Jaguar Land Rover cuts production at UK plant on slow demand

Jaguar XE sales fell 25 percent in the first eight months.

LONDON — Jaguar Land Rover is cutting production to three days at one of its key U.K. plants, as it deals with the fallout with the Brexit vote and a big drop in diesel demand.

The automaker’s Castle Bromwich plant in Birmingham, central England, will operate a three-day week from October until the beginning of December in a move which will affect around 1,000 staff but avoid job cuts, a JLR spokeswoman said.

The plant builds the Jaguar XE midsize sedan, XF large sedan and wagon, the XJ sedan and F-Type sports car.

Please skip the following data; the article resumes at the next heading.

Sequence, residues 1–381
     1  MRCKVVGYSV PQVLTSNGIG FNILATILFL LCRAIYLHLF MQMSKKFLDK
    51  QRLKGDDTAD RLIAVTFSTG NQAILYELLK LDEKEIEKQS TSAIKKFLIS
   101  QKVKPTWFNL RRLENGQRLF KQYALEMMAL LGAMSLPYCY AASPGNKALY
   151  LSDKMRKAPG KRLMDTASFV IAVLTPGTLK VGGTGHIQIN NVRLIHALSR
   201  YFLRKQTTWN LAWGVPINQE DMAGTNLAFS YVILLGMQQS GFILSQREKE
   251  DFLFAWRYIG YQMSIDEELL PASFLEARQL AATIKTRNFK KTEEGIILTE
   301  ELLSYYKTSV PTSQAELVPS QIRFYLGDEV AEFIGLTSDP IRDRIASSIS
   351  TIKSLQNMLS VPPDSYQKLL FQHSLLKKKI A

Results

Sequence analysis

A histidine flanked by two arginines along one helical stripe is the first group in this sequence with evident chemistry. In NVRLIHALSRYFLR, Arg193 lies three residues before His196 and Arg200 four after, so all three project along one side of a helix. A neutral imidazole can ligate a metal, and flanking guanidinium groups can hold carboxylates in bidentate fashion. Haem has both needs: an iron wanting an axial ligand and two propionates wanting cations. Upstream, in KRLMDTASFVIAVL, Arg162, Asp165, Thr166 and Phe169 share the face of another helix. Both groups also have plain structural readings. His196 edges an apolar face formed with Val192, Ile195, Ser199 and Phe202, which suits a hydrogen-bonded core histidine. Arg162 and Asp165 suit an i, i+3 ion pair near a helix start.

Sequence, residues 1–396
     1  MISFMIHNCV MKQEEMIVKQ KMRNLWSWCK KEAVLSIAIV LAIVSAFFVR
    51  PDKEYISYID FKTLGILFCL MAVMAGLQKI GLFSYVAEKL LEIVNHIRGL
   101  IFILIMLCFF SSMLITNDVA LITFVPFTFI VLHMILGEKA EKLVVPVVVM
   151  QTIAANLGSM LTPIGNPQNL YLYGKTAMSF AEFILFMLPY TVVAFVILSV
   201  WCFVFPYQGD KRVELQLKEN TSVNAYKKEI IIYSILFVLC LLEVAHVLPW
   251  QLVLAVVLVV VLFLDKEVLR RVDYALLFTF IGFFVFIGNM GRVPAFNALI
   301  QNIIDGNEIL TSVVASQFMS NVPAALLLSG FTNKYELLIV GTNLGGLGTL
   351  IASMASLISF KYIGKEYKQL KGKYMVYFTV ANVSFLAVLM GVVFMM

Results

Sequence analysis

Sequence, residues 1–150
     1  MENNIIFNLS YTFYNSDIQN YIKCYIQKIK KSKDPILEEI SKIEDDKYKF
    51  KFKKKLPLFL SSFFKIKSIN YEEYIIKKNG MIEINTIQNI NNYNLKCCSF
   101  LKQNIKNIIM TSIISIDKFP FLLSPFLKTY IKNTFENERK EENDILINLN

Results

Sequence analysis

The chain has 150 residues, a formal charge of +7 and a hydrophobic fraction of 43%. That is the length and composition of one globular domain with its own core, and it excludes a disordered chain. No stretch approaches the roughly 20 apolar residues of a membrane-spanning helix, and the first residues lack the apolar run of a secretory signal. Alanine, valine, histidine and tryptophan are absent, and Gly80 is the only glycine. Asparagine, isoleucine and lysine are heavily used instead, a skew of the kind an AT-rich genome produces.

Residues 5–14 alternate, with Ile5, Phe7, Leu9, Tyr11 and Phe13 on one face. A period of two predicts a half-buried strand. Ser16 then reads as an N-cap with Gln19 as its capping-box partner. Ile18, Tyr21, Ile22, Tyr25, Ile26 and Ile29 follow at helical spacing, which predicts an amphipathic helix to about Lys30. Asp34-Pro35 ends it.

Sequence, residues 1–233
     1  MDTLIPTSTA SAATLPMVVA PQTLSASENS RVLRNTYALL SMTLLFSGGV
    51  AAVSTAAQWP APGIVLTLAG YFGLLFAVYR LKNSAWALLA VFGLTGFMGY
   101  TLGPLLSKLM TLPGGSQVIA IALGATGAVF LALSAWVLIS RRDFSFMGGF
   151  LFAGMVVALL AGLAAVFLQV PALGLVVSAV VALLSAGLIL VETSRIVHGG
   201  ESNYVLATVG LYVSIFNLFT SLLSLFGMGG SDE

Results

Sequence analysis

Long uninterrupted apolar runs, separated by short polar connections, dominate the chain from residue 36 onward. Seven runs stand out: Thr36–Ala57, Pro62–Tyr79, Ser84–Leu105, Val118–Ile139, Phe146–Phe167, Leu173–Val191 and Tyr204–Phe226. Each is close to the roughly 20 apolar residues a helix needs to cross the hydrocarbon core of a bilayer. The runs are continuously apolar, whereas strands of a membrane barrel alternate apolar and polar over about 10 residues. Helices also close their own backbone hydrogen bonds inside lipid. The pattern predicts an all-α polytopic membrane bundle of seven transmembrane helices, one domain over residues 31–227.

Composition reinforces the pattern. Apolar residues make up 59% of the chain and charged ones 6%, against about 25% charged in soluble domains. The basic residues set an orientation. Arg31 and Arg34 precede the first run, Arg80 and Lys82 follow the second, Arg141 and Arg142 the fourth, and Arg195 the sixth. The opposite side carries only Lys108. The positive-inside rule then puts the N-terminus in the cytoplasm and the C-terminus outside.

“In light of the continuing headwinds impacting the car industry, we are making some temporary adjustments to our production schedules at Castle Bromwich,” the company said in a statement.

Jaguar Land Rover’s U.K. sales have fallen 8 percent through August according to the automaker’s figures, while European sales excluding the U.K. have fallen 11 percent.

Automakers in the U.K. have seen sales shift to cheaper cars after the Brexit vote pushed the value of the pound down. That has impacted sales of premium manufacturers such as JLR.

JLR also has blamed the industrywide fall in demand for diesel cars across Europe for the declining sales that have impacted more diesel-dependent premium brands. About 90 percent of Jaguar Land Rover’s sales in Britain are diesel models, which compares with around 45 percent globally, the company said earlier this year.



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